Most of us don’t lie awake at night worrying about quark-gluon plasmas. Apart from infinitesimally brief blips caused by cosmic-ray collisions or manmade particle accelerators, the universe hasn’t even seen a proper quark-gluon plasma in the last 14 billion years—not since a millionth of a second into the big bang. And that one seemed to work out just fine.
But most of us aren’t Ming Liu.
A Los Alamos physicist and leader of a multi-institution team working to build a cutting-edge particle detector, Liu lives in a somewhat different mental space than the rest of us. He sees the quark-gluon plasma, or QGP—a high-temperature, high-density mixture of free quarks (which are normally bound inside protons and neutrons) and gluons (which transmit forces between quarks)—as one of only a handful of genuine research frontiers for advancing fundamental physics. It is a critical testing ground for a rare corner of particle physics that, after many decades, manages to remain relatively unconstrained by experiment. And unlike other fundamental-physics frontiers, which tend to be speculative because their effects only become evident at energies that scientists can’t achieve in a laboratory (think string theory), the QGP is—barely—accessible with current technology.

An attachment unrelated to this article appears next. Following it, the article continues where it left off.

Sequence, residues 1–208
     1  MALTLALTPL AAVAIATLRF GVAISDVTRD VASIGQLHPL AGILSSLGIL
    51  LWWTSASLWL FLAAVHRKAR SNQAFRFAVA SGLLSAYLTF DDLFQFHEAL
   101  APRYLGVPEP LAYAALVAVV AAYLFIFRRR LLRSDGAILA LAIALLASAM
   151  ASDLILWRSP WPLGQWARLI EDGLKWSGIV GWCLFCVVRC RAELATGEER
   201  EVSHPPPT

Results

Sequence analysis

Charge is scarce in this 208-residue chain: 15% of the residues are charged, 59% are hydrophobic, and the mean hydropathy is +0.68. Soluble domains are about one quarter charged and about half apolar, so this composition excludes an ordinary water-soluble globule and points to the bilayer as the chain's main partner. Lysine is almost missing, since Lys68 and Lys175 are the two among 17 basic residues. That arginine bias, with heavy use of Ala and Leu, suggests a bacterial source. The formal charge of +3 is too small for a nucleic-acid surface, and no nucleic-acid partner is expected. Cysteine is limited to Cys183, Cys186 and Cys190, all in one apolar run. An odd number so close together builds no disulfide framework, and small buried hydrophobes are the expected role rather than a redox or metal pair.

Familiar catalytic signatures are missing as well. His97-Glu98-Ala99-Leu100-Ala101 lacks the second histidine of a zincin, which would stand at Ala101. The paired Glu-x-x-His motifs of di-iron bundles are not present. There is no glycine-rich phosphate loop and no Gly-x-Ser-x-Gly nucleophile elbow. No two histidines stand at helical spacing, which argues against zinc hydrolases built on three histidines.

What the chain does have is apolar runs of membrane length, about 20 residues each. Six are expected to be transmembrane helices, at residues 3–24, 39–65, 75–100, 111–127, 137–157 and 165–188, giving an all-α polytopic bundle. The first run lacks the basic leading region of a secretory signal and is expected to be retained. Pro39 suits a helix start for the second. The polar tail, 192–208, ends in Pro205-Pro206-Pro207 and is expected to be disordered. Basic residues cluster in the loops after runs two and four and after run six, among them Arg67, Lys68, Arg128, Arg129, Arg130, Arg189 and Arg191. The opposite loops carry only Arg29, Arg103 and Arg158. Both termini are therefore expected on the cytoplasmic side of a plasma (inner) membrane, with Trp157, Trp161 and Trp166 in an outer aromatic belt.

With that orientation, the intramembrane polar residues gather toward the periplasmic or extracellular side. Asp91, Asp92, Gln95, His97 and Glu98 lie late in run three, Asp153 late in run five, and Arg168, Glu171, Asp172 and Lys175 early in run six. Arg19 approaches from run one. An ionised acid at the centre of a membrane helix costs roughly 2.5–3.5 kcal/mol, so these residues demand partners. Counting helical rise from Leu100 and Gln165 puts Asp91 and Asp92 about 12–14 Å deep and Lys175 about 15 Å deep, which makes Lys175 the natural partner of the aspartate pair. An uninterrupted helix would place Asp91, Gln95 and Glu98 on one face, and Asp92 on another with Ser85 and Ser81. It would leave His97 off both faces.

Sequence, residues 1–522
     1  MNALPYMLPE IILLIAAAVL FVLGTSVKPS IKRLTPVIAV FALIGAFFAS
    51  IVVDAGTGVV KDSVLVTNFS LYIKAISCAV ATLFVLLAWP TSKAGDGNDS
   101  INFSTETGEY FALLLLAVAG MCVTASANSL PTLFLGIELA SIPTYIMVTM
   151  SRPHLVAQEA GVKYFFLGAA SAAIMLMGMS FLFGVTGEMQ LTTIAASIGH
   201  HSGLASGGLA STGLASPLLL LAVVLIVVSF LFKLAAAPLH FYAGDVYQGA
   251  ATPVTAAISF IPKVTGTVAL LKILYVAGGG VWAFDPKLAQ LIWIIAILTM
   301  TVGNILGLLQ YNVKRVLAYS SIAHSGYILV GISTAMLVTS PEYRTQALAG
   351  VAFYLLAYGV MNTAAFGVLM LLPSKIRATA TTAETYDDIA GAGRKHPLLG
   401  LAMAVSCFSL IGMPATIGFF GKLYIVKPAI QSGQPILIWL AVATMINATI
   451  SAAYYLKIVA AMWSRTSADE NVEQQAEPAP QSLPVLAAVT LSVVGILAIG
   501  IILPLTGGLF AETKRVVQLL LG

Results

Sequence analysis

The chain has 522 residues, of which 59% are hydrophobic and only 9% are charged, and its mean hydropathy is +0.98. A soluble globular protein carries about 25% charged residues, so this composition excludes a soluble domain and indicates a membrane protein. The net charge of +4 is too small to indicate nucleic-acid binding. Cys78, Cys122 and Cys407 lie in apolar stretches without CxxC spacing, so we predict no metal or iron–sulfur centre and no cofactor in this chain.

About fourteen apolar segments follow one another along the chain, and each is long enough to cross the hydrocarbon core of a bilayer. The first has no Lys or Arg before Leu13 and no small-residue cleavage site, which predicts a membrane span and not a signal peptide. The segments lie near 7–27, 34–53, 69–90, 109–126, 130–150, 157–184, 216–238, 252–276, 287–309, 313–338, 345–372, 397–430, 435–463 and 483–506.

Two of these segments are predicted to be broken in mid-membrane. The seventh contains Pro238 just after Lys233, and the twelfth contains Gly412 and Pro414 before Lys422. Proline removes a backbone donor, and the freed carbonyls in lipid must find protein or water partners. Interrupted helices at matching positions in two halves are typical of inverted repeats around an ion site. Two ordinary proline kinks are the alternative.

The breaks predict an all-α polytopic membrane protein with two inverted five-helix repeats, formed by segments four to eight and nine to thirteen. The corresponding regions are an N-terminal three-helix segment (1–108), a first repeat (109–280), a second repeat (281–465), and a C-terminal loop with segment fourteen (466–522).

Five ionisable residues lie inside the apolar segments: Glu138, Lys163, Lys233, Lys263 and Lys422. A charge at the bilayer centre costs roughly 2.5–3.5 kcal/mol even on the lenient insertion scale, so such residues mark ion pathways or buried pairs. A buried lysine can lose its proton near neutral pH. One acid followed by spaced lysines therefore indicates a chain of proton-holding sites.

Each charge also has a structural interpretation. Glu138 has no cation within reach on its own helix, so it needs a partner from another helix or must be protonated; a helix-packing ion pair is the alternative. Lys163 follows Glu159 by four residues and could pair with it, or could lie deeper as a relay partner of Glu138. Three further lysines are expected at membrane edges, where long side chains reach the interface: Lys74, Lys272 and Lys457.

Recently, physicists at the Relativistic Heavy Ion Collider (RHIC) and the Large Hadron Collider (LHC) conducted a landmark study of the production of a particular quark, the charm quark, from within a QGP. The results were decidedly in conflict with many theoretical predictions. The charm quark’s large mass should have resulted in a distinctive type of motion within the QGP, but it didn’t.